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#6 of 18 OFFLINE   Je-P

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Posted April 05 2003 - 02:07 PM

I considered a front projector setup, but the main room is in my living room and controlling the outside light is next to impossible. Right now I'm leaning more towards the rear projection, but I was just wondering if the DLP would be worth the extra money.

#7 of 18 OFFLINE   Dean Wette

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Posted April 06 2003 - 03:08 AM

If you have problems with too much ambient light, the DLP is definitely worth the extra money. The room where I have my Sammy DLP has a large glass sliding door facing East to the balcony on one side and is very open to interior rooms on the other sides.

With my previous Marantz 54" RPTV, watching during the day required drawing shades, even with indirect sunlight. The Sammy DLP is much brighter and is far more watchable in daylight. I only have to draw shades when the sunlight shines directly into the room onto the screen.

Even at night I no longer feel I have to turn off lights everywhere to get a good picture. But next week my Ideal-Lume backlight from Cinemaquest is due to arrive, which should provide me ideal lighting conditions for nitetime movie viewing. :-)

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#8 of 18 OFFLINE   Rob Tomlin

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Posted April 06 2003 - 11:33 AM

From what I understand you should not have any burn in issues with the DLP.

I am assuming that you have viewed one of these babies? I compared it directly to a Pioneer Elite, and I definitely thought the DLP was sharper. However, some may describe this as having a "digital" appearance, and not being as "film like" as CRT. It comes down to personal preference.

I would go with the DLP!

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#9 of 18 OFFLINE   KevinFC

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Posted April 07 2003 - 06:35 AM

The HD2 chip is what is currently in the Sammy DLP's. The HLN series features some advancements and a better looking bezel. There also isn't a burn in problem on these sets like LCOS. The HLN series is due out May or June, but I have yet to read any reviews or see anything about them on Samsungs website. Overall the sets looked nicer at CES and it suppose to have DVI with HDCP.
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#10 of 18 OFFLINE   Max Leung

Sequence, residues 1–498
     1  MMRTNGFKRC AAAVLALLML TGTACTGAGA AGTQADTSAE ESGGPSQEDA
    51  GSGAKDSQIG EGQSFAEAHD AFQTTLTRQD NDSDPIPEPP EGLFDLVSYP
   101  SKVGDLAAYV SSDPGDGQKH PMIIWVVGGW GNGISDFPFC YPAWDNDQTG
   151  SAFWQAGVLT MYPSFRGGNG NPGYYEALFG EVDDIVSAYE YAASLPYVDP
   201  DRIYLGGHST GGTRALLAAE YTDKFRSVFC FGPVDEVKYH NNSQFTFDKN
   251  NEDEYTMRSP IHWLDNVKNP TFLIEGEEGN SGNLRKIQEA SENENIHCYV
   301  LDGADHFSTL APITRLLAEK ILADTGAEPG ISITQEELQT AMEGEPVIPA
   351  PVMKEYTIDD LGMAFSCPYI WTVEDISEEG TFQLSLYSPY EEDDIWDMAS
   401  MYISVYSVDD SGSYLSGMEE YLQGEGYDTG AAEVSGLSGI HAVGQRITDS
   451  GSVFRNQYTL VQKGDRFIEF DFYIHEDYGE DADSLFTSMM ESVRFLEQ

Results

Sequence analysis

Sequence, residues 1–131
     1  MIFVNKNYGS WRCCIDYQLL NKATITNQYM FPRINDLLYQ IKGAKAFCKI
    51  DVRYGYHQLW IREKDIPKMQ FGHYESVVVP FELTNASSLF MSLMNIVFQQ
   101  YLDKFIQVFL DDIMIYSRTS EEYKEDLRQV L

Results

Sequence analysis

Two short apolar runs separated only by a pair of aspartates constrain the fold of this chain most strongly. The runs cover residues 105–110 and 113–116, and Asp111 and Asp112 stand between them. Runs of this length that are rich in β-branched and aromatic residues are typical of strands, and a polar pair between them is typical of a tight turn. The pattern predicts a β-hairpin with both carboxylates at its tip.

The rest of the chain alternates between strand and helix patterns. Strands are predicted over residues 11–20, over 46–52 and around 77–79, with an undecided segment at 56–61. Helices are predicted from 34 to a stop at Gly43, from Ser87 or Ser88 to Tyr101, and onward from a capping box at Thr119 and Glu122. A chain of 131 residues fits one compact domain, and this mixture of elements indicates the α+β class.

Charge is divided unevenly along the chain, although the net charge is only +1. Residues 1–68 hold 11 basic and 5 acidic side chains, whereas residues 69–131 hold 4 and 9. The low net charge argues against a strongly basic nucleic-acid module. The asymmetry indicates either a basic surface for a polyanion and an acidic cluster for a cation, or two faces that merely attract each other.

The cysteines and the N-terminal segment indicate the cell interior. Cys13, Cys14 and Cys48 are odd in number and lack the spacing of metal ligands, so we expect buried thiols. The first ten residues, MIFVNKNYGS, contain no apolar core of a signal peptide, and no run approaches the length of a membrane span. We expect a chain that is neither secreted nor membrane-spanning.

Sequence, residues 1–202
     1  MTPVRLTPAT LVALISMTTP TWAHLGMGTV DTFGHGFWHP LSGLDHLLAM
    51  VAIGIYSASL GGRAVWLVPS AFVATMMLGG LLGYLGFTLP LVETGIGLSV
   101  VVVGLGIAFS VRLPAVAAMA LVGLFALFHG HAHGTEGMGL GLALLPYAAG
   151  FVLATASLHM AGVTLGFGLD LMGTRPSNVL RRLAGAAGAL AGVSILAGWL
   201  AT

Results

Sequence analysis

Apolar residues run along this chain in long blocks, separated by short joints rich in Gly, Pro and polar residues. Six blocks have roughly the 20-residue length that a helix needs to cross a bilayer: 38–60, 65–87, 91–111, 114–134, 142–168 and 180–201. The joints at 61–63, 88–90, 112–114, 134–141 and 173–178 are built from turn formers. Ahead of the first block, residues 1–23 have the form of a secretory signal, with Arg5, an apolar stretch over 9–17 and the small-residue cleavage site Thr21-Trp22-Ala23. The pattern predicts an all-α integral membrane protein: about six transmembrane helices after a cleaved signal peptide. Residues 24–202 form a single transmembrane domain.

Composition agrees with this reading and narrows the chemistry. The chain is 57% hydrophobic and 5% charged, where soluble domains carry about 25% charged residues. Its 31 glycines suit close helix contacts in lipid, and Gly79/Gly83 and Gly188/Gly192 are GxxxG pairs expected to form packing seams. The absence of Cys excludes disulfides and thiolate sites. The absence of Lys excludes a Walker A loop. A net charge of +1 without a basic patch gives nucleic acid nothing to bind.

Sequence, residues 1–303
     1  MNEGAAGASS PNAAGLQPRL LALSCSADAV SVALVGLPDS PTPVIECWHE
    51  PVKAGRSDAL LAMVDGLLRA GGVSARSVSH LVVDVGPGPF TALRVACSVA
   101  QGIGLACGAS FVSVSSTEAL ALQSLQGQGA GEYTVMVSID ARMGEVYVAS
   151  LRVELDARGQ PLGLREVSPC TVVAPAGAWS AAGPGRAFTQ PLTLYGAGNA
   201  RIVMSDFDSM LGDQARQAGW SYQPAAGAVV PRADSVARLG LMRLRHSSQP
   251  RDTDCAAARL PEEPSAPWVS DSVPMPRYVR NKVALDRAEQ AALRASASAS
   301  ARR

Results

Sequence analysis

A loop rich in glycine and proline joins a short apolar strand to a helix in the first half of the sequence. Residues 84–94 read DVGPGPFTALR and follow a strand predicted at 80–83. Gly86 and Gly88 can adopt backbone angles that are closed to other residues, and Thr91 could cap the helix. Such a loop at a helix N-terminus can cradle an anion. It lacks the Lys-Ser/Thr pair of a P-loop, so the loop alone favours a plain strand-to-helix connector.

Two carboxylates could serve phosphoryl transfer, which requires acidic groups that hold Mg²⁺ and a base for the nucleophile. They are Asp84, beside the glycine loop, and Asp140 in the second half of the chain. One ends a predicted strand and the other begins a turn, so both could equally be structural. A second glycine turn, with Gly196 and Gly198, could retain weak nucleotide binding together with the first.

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Posted April 07 2003 - 05:27 PM

What is the color wheel speed on the new Sammy DLPs?
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#11 of 18 OFFLINE   Parker Clack

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Posted April 08 2003 - 03:23 AM

I have seen this DLP projector in action and I love its overall picture. I just cannot justify an extra $1,000 for it over a compatable set using CRT. I am waiting to see what is around the corner. If they get one of these sets in a 65 incher in the sub $3,000 price I know I will be standing in line to get one.

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#12 of 18 OFFLINE   ChrisTheg

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Posted April 08 2003 - 03:27 PM

To put some mysteries to rest BURN IN CAN NOT HAPPEN ON A DLP!!! Like some of you have said DLP is not a a phosphorus based technology therefore there is no way for it to burn in. Another thing is that the HLN617W has already arrived and is available for purchase. The difference between the HLM and HLN is the scalers used. They are dramatically better in the HLN. The color wheel is 5-X. Yes DLP is better with room with more light but you can also compensate for that with a different screen. Lastly there is DVI!
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#13 of 18 OFFLINE   Dean Wette

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Posted April 08 2003 - 10:52 PM

The HLM617W has the same internals as the HLN617W, including the DNIe and FL2300. I know because I have one.

The 61" model has always had these internals. The smaller models are the ones that got upgraded for the N series and even the later-production Ms already had it.

For the 61" there is no difference between the M and N models that I know of.